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from the curators « MAD Blog
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from the curators

Posts Tagged ‘from the curators’

Is Seeing Believing?

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Before the opening of the exhibition, while working on the catalogue and press, our main challenge was to convey how small these works really are. The scale of the works in real life is nearly unbelievable. Well, NEARLY.

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Countdown to the opening of The Global Africa Project (GAP)

Bright Eke working in Open Studios at MAD, November 11, 2010

It’s Veteran’s Day and the installation of GAP is in full swing. The works of art have been arriving and as they are unpacked and put into place under the watchful eye of Dorothy Globus, our curator of exhibitions, Elayne Rush, Associate Registrar, Matthew Cox, chief preparator and Eric Lindviet, who coordinates the construction, the exhibition starts to reveal itself. This seems to be a good point to record some random curatorial thoughts

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September, the January of the Art World

Photo: Courtesy of Amaridian Gallery

Vogue editor Candy Price famously said that September was the "January" of the fashion world but it's true for every aspect of art previews right now. Want to see a sampling of just a few of the artists who will be included in GAP? In a few major cities you will find a handful of artists and artisans who will also be a part of The Global Africa Project opening this fall.

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Update on The Global Africa Project exhibition

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There’s lots going on this spring and summer at MAD with Dead or Alive opening officially on April 27th, Bespoke on May 13th and Abraaj 2010, scheduled for August 31st. In the midst of all this preparations for The Global Africa Project—to open on November 16, 2010—are progressing with great intensity.

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What was the Studio Craft Movement, anyway?

Anni Albers, Sheep May Safely Graze, 1959. Collection of the Museum of Arts and Design

A recent comment on the “Making It Real” blog was “What is the Making it Real exhibition about and when will it take place?” The short answer is: Making it Real will be at MAD from October 12, 2011, until January 15, 2012, and will look at the emergence of the American Studio Craft Movement in the period after World War II. But that begs the question—what was the studio craft movement? So today’s blog is a (short, I promise) history lesson about how and why crafts went from being a necessity to being a choice. Along the way, I will also explain how we came up with the title.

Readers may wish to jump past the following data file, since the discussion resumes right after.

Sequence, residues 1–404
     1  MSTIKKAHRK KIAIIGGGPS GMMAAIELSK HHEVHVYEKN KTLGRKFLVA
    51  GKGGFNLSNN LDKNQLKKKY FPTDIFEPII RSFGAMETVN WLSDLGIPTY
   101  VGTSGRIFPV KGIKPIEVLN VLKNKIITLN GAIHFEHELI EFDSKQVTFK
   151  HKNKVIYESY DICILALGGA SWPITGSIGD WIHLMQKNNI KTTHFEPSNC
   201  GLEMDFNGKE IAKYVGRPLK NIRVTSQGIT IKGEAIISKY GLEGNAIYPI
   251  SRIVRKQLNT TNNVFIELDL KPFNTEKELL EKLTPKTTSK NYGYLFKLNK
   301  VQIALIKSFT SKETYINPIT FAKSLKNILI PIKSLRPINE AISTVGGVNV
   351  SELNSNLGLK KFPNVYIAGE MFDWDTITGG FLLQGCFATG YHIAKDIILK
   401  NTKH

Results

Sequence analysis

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Making It Real with Robert

Philip Lloyd Powell, Hanging Cabinet and Sideboard, ca. 1960

As you may have heard, Robert, MAD’s fabulous new restaurant with its spectacular view of Columbus Circle, has finally opened. You may not know that the restaurant is named after Robert Isabell, the famed events planner involved in the project who died unexpectedly in 2009. In reading articles about his death in the New York Times , and later information about the auction of his property at Sotheby’s, we realized another link we had with Robert—he loved many of the artists that we are including in Making It Real.

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The YA/YA group designs sets for production of “Peter and the Wolf” at the Guggenheim

“Wolf” by Rontherin Ratliff

Have you heard of the YA/YAs of New Orleans? No, I don’t mean the “Divine Sisterhood” of movie fame, but the organization (Young Aspirations/ Young Artists) whose mission is to “empower creative young people to become successful adults.” Founded over twenty years ago by Jana Napoli this organization works to give the youth of New Orleans “educational experiences in arts” and encourage “entrepreneurship…by fostering and supporting their ambitions.”

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Heath Ceramics

Heath Casseroles from the 1950s [from American Craft Magazine]

When we visited San Francisco to do research for this exhibition, a visit to the Heath Ceramics factory in Sausalito was a must. Heath Ceramics was represented with a stoneware saucepot in Craftsmanship in a Changing World, the Museum of Art and Design's inaugural show (at the time it was called the Museum of Contemporary Crafts).

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Craft in the Service of Worship

Ibram Lassaw, Eternal Light, 1956; Copper sheet covered with bronze and chromium bronze; The Jewish Museum, New York

The church (and by “church” I mean all religious groups) has historically been an important patron of the arts, and we found that this was especially true in the postwar period when many new churches and synagogues were built. So, we are including a section in Making it Real of “Craft in the Service of Worship.”

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Like a child at play: Toying with Barbie & Ethnic Motifs

Byron Lars Ayako Jones™ Barbie® doll

This is not your little cousin Muffie's Barbie - not at all. With his limited-edition figurines for Mattel, Fashion Designer Byron Lars plays around with the legendary plastic style icon, keeping all the prerequisite Barbie musts intact - pointy 'Barbie' toes, beyond-perfect makeup, posture, and figure - whilst deftly playing around with her overall style dna.

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